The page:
The clock records what an onlooker would judge only to be a young woman fast asleep in her bed. The rhythm taps out the minutes that slide away from me as Nothing happens.

Nothing has eyes all on me as the hag lets her chin rest atop mine like a jilted lover who has come to visit in the shadows the night affords. We share the same breath, nose touching mine, eyes preying upon my deepest thoughts and ripping my soul to shreds. These tears are an offering unto her. Soon, if I am lucky, the salty liquid will dampen my hair and loose the bond that my head has entered pact with my bedsheets.

Upholding an agreement that the rest of me did not ever recall striking.
The hag shakily cups her hands gently behind my neck slithers upward, taking gentle hold of my head. Her hands offer no comfort that human contact would give. There is no reassurance in this all consuming grasp. These familiar eyes gazing into my own are a most hideous sight, as a child of Nothing cannot contain a soul. All warmth is gone as I peer into those blackened and vacant orbs — the birthplace of my nightmares. My body begins to fall completely numb, and a crooked, unnatural, other worldly grin spreads deliberately across the hag’s face just as all other times before.

If I only understood what she wanted…
I would give her absolutely anything if it meant she would never come and visit me again.

She curls her feet underneath her pelvis, pushing down on my stomach and causing my diaphragm to constrict. All hope fades away. Those listless, ravenous eyes recognize something in mine, something they desperately long for. Her pitted and rotting cheeks moving closer to mine, my nose fills with the stench of musty Earth and decaying flesh. Head tilting and neck cracking in twisting and jerking motions, lacking the fluidity of those of the Land of the Living, she attempts — my deepest horrors realized right then — to hold onto me in search of what she so greedily seeks.

One simple kiss, solidifying my exit from this life and sinking instead to the oddly tempting promise of Nothing…

One simple night in which Nothing can belong with Someone.

Frenetically I keep demanding — over and over — of my right shoulder to buck her off of my torso, push her away, break her captivating embrace — her hypnotizing, awful intent. Such inhuman strength — an eerily tantalizing thought of just giving up and agreeing to stay, because why keep fighting? — could suggest that I will never be free so long as this oppressive darkness ensues.

But this has happened in times passed, and I know if I just want it badly enough I can end what is sure to happen.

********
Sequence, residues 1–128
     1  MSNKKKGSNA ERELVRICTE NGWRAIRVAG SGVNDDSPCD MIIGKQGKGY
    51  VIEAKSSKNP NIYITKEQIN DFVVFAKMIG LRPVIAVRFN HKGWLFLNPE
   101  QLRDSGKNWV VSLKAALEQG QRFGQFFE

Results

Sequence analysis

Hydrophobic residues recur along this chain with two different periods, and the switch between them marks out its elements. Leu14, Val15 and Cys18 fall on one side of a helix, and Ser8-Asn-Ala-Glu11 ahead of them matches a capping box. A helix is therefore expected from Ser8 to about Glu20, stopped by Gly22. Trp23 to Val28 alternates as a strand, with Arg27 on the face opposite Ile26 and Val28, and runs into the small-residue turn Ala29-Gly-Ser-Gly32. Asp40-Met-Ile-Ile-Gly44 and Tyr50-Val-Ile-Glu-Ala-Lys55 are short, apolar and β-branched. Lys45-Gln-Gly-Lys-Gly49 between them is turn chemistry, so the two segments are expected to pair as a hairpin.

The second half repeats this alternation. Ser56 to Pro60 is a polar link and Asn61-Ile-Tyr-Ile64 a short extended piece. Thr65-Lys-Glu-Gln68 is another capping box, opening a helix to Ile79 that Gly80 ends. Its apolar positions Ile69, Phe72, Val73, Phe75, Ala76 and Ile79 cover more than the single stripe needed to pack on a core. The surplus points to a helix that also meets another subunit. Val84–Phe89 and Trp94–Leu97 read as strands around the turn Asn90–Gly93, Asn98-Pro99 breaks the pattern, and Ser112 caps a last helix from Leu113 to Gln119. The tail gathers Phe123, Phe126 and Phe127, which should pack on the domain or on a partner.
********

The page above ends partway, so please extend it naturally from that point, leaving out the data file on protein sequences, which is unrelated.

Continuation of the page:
Suddenly space and time rip apart from each other. Flashes of light strike and fill my vision, and the powerful force behind it quakes — consuming my entire body. The shriek that had been held back for now several hours finally releases itself.

All that exists is that silent scream, now given its brief chance to speak. The only thing that can be heard is weak and shrill…but it is just enough to bring me back from the throne room to Nowhere and slam me back into my own bed.

My right shoulder moves ever so slightly from its position, and I escape from under this weight. The hag will not have me tonight.

4:37 A.M. and I am free.

I shudder as I wail. These nights occur often and without mercy. I cast a glance at my little army of teddy bears and other stuffed animals. I lean against them as my eyes continue relentlessly leaking. My body is wracked with sobs as I know there exists not a single person who can help me. There is not a person, pill, or potion in this world who can make all of the nights filled with fear of never returning from Nowhere end.

All who can know of the confusion, terror, and wonder of what happens is no one at all.

*The phenomena that causes these sensations and visualizations is called sleep paralysis, a commonly misunderstood event that mainly occurs at least once in a person’s life. However, due to my own neurological complications, I experience sleep paralysis very frequently and may go months having Ordinary Nights such as this, and often times opt to choose not to sleep at all, which has induced atypical psychosis from sleep deprivation in the past. There is no treatment for this or any form of sleep paralysis. The experience detailed uses descriptive language for interest. The account itself is 100% authentic.

Credit To – Danielle Nicole

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September 14, 2014 at 12:00 AM